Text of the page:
As more Americans line up to receive their COVID-19 vaccine, there is confusion as to how well the shots are protected against the disease.
In clinical trials, for example, Pfizer and Moderna shots showed an efficacy rate of about 95% against symptomatological COVID-19 in a laboratory setting.
This means that 5% of vaccinated people can still get sick, right?
No — It does not mean that vaccinated people are 5% more likely to get COVID-19, or 95% are protected from the disease. The data suggest that the risk of infection after vaccination is actually much lower.
Efficacy tells us about risk reduction, so people vaccinated against Pfizer or Moderna are about 95% less likely to develop COVID-19 than people who are not vaccinated. ..
Are you still confused? Think of it this way.
“If you can clone yourself, have one vaccinated version, and one unvaccinated version, the vaccinated version is 95%. Less likely to get sickNatalie Dean, a biostatistician specializing in infectious diseases at the University of Florida, told Bloomberg.
Decomposing math helps
About 36,000 people were involved in Pfizer Late vaccine trial About half received the shot and the other half received the placebo. In total, 170 people developed symptomatological COVID-19 — 162 in the placebo group and 8 in the vaccine group.
Therefore, in reality, the probability of developing symptomatic COVID-19 after vaccination is actually 0.04% (not 5%) after dividing the number of sick vaccinated people by the total number of vaccinated people. )is.
However, even this explanation can be misleading, according to Dr. Akiko Iwasaki, a virus expert at Yale University.
“If we were to expose all 18,000 people to the virus, yes, the effectiveness of the vaccine would be incredible, right? But they are not“Iwasaki told Business Insider. “That’s why we need to compare the vaccine and placebo groups, because the placebo group shows how much exposure and infection they would have had if they had not been immunized with the vaccine.”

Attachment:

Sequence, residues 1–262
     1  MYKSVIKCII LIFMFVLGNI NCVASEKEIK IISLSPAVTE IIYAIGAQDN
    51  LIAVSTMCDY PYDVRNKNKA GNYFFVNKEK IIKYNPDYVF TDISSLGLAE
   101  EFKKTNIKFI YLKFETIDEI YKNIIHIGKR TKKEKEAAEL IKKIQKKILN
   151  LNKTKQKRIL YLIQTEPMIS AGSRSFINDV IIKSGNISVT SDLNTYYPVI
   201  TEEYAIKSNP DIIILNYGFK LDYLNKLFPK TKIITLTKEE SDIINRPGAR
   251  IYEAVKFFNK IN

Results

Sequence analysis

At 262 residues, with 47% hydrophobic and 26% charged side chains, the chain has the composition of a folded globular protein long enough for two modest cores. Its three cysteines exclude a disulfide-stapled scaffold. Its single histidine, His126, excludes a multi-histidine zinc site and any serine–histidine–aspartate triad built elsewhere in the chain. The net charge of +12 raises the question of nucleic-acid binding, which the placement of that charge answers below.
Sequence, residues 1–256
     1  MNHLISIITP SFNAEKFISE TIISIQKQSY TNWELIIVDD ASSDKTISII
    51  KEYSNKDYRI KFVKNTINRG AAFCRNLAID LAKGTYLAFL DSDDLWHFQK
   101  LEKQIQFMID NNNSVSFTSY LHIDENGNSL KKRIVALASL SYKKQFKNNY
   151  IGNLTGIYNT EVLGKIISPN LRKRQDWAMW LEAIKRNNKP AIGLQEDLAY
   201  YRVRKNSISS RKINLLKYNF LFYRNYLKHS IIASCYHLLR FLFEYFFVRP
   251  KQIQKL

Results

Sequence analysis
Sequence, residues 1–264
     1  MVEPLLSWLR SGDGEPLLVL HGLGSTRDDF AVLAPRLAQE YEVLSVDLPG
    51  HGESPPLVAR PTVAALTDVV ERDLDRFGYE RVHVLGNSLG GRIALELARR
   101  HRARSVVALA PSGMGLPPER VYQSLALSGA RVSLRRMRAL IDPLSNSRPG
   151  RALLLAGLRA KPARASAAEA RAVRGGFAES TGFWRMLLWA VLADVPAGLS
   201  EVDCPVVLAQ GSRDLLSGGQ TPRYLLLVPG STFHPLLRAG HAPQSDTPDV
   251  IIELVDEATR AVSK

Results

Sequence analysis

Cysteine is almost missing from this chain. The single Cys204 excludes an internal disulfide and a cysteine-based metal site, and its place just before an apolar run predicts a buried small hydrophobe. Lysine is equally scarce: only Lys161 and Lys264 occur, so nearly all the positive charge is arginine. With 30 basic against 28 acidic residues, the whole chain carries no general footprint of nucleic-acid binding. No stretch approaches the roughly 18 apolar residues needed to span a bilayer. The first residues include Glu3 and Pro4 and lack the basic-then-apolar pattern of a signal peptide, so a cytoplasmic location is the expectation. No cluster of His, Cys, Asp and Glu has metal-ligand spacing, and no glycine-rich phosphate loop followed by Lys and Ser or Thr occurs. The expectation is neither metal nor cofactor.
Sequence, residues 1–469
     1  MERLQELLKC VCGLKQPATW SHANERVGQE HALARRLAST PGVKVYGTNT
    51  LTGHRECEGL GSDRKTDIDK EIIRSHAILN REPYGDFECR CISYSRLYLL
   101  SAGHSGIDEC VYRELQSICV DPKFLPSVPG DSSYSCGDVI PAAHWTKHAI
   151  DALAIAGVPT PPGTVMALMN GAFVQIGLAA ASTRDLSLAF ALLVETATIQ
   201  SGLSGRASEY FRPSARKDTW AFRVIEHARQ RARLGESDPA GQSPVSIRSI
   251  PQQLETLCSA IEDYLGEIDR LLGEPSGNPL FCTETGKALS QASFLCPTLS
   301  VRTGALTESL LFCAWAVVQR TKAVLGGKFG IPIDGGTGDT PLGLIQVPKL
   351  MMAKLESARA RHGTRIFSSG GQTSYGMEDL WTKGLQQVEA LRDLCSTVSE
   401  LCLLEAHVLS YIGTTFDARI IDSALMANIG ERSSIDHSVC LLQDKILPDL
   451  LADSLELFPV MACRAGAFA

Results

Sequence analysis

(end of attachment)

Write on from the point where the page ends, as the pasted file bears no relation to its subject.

It is more useful to compare 8 people who became infected after vaccination with 162 people who became ill without the vaccine. Scientists do this by finding differences in the proportion of people who get sick in the placebo and vaccine groups.
“95% is born from that,” says Iwasaki.
The same process applies to Moderna and the one-shot Johnson & Johnson vaccine.
Therefore, the Pfizer and Moderna vaccines are ” The most effective vaccine we haveBrianne Barker, a virologist at Drew University in New Jersey, told Live Science.
For comparison Influenza vaccine According to the Centers for Disease Control and Prevention, it is 40% to 60% effective, depending on the version of the virus that is prevalent in a particular year. Nevertheless, the flu vaccine prevented an estimated 7.5 million flu illnesses, 105,000 hospitalizations and 6,300 deaths during the 2019-2020 season.
According to experts, Johnson & Johnson’s COVID-19 shots are just as effective in preventing severe COVID-19 infections when compared to other coronavirus candidates. However, it’s easy to see why late-stage trials showed that shots were less effective (72%) among Americans compared to Pfizer and Moderna.
Because it had Very different clinical trials Than the shots of Pfizer and Moderna. Johnson & Johnson opposed a new coronavirus variant that appears to be more contagious and slightly evading the vaccine. Pfizer and Moderna completed clinical trials before the emergence of variants from the United Kingdom, Brazil and South Africa.
Clinical trials show the efficacy rate of the vaccine, but the “effectiveness” of the shot is not revealed. This shows how well the vaccine can protect against COVID-19 in a real environment outside the lab. But new evidence suggests that vaccines are functioning as well, now that millions of people in the general population have been vaccinated.
A CDC study posted last week found that the risk of coronavirus infection 90% reduction Two weeks after receiving the second and final dose of Pfizer or modelna vaccine, and once among nearly 4,000 healthcare workers, first responders, and other essential workers in six states. 80% 2 weeks after.
Overall, it suggests that the vaccine can prevent both asymptomatic (symptomatic) and symptomatic infections in vaccinated people.